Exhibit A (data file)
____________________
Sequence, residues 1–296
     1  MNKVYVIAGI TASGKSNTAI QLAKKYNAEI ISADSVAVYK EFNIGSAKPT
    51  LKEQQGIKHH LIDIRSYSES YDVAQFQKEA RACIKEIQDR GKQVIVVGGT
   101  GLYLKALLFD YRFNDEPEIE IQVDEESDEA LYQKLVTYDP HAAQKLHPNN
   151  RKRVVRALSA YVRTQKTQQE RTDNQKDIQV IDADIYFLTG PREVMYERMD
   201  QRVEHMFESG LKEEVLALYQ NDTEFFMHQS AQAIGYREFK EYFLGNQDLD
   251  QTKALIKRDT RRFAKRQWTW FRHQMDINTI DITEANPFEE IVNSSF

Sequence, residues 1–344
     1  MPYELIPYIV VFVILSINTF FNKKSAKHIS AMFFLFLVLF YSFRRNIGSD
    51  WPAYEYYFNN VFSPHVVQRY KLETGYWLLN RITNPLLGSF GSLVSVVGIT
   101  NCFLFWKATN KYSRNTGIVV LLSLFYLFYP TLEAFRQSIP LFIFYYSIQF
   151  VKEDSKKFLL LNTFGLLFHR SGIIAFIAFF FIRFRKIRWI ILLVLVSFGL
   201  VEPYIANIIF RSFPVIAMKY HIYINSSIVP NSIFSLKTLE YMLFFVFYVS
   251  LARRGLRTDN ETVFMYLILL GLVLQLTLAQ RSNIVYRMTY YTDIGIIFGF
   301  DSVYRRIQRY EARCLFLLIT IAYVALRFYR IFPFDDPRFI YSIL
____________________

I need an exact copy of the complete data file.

Sequence, residues 1–296
     1  MNKVYVIAGI TASGKSNTAI QLAKKYNAEI ISADSVAVYK EFNIGSAKPT
    51  LKEQQGIKHH LIDIRSYSES YDVAQFQKEA RACIKEIQDR GKQVIVVGGT
   101  GLYLKALLFD YRFNDEPEIE IQVDEESDEA LYQKLVTYDP HAAQKLHPNN
   151  RKRVVRALSA YVRTQKTQQE RTDNQKDIQV IDADIYFLTG PREVMYERMD
   201  QRVEHMFESG LKEEVLALYQ NDTEFFMHQS AQAIGYREFK EYFLGNQDLD
   251  QTKALIKRDT RRFAKRQWTW FRHQMDINTI DITEANPFEE IVNSSF

Sequence, residues 1–344
     1  MPYELIPYIV VFVILSINTF FNKKSAKHIS AMFFLFLVLF YSFRRNIGSD
    51  WPAYEYYFNN VFSPHVVQRY KLETGYWLLN RITNPLLGSF GSLVSVVGIT
   101  NCFLFWKATN KYSRNTGIVV LLSLFYLFYP TLEAFRQSIP LFIFYYSIQF
   151  VKEDSKKFLL LNTFGLLFHR SGIIAFIAFF FIRFRKIRWI ILLVLVSFGL
   201  VEPYIANIIF RSFPVIAMKY HIYINSSIVP NSIFSLKTLE YMLFFVFYVS
   251  LARRGLRTDN ETVFMYLILL GLVLQLTLAQ RSNIVYRMTY YTDIGIIFGF
   301  DSVYRRIQRY EARCLFLLIT IAYVALRFYR IFPFDDPRFI YSIL